In the last installment of this column, “Who Owns the Customer in a Cloud Model?” (www.SDMmag.com/who-owns-customer-in-cloud-model), I described posing a question to a group of attendees at a cloud partners conference about who owns the client in the cloud — meaning which person and/or organization is strategically invested in assessing a client’s needs, delivering on them, and assuring their success based on their investment. I asked that question because there appears to be more people engaged with the client to provide them the solution than ever before.
However, there was one factor for determining who owns the client that all stakeholders agreed was the most important: Whoever bills the client for the application usage on a recurring basis was most likely to be considered the client owner. This is referred to as the partner-of-record.
My advice was to never give up being the person billing the client if you truly want to own that client. However, I posed another question to the group: Is owning the client important? I would say it is more important to be able to deliver a hyper-specialized set of high-value services to a broad set of clients than it is to mind a small client set. Let me share with you some background why I feel this way.
With IDC predictions that in 2015 cloud computing will reach a market size of $70 billion, this is evidence that the cloud pendulum is swinging from early adoption to full adoption. There are many trends that need to be considered. One big consideration is that clients will spend less on equipment (computers, storage, peripherals). In fact, that shift has already happened and for many clients they are reducing capital budgets and frozen investments in data centers and on refreshes until they answer what and when to cloud. Less equipment sales will impact your revenue and introduce new competitive threats.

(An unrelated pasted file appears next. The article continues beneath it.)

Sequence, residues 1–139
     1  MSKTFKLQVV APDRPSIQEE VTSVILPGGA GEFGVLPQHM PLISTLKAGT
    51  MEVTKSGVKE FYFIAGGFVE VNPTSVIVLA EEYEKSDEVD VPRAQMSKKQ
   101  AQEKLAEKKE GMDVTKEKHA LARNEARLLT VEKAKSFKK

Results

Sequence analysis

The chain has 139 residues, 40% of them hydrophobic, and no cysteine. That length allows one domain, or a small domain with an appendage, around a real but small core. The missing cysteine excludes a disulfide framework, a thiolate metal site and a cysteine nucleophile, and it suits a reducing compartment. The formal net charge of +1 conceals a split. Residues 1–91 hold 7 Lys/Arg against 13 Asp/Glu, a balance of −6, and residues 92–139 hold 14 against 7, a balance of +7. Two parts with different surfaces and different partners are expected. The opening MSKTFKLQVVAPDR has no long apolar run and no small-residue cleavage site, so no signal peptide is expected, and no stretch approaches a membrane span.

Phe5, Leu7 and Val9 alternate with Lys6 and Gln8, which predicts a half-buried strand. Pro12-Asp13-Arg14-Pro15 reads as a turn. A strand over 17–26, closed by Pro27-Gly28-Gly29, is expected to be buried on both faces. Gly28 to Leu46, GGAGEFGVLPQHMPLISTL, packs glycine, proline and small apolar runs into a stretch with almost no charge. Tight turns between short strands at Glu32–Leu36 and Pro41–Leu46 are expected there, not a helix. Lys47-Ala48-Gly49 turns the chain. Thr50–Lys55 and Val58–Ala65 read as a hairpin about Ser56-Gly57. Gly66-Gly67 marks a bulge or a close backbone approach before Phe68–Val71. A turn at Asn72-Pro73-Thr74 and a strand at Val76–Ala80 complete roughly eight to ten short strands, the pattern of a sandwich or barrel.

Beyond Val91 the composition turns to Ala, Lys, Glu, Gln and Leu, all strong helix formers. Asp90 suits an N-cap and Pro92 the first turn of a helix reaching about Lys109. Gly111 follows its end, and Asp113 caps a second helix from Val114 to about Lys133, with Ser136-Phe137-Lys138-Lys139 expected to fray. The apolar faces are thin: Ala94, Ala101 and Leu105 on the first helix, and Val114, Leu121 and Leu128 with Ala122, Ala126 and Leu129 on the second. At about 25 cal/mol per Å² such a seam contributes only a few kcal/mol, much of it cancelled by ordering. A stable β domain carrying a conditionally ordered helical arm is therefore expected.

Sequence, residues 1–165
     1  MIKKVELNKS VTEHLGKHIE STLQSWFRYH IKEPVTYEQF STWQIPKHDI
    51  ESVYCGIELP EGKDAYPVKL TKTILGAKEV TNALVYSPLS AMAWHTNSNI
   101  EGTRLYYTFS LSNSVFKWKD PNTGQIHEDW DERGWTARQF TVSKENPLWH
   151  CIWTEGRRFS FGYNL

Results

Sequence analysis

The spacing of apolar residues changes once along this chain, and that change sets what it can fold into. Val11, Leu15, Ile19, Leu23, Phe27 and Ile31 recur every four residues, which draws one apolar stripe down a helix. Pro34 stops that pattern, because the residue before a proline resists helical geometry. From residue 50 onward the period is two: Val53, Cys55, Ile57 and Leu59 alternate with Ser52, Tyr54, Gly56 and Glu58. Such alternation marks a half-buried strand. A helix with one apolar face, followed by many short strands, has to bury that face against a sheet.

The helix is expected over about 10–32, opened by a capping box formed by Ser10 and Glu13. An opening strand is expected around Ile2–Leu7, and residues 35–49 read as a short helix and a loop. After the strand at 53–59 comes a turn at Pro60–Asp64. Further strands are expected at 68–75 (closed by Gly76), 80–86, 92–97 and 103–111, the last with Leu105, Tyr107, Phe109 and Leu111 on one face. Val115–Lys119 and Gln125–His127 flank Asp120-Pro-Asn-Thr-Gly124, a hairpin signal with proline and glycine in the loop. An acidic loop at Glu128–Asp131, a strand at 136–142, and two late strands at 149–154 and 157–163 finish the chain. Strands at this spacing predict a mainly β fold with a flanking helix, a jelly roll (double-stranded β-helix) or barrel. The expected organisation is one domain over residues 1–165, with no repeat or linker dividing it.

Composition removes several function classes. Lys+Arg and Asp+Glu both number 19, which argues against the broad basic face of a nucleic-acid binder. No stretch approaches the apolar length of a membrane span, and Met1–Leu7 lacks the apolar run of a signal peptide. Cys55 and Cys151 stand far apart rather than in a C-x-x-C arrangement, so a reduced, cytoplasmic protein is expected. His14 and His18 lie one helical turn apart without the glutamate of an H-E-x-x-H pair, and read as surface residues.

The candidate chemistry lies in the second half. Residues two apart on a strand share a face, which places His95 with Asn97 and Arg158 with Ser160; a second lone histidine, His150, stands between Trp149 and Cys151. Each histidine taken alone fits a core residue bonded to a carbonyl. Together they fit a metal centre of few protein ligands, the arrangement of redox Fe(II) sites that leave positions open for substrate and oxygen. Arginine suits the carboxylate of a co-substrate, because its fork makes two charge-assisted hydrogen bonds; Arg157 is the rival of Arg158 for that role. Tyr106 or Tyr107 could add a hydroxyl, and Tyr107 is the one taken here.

Clients have options from PAAS, SAAS and IAAS and in the future XAAS. They are buying applications and paying for what they need when they need it. There is a lot of disruption taking place that is impacting the way that we have done business with our clients in the past. This impacts even the way we finance our business and pay our staff. However, we have faced these challenges in the past with advancements in technology and changing market demands. We learned the lesson that it is all about being ready.
Disruption equals opportunity and our ability to innovate is critical to turning opportunity into success. Starting with the end in mind helps to give me a point to work back from. So I ask myself, What would I do if the pendulum swung way to the far right and almost everything a client did went through the cloud? Is my business ready to help clients with those challenges and do I have the types of services to sustain growth?
My claim is that we need to begin creating services today that are cloud-adoption focused. This means preparing our teams to talk about business applications, adoption of licensing and financial business models. We need to become great at moving data, integrating systems and securing the flow of information. The goal is to have services that not only help a client get to the cloud but optimize the ongoing use of the cloud applications so the people can serve the business.
My suggestion is to bring toget-her some of your brightest minds from across your organization to begin innovating and expanding your service portfolio. Start the process now because if there is a slowdown in equipment sales you want to have new revenue streams to fill in the revenue gap. Yes, it is important to own the client, but don’t limit your service creation to a small market segment; it may not be where you want to go in the future. However, focus on areas of hyper-specialization that can address the client’s business drivers across a broad market segment.
Please connect with me on LinkedIn; I would be happy to share more insight on this topic.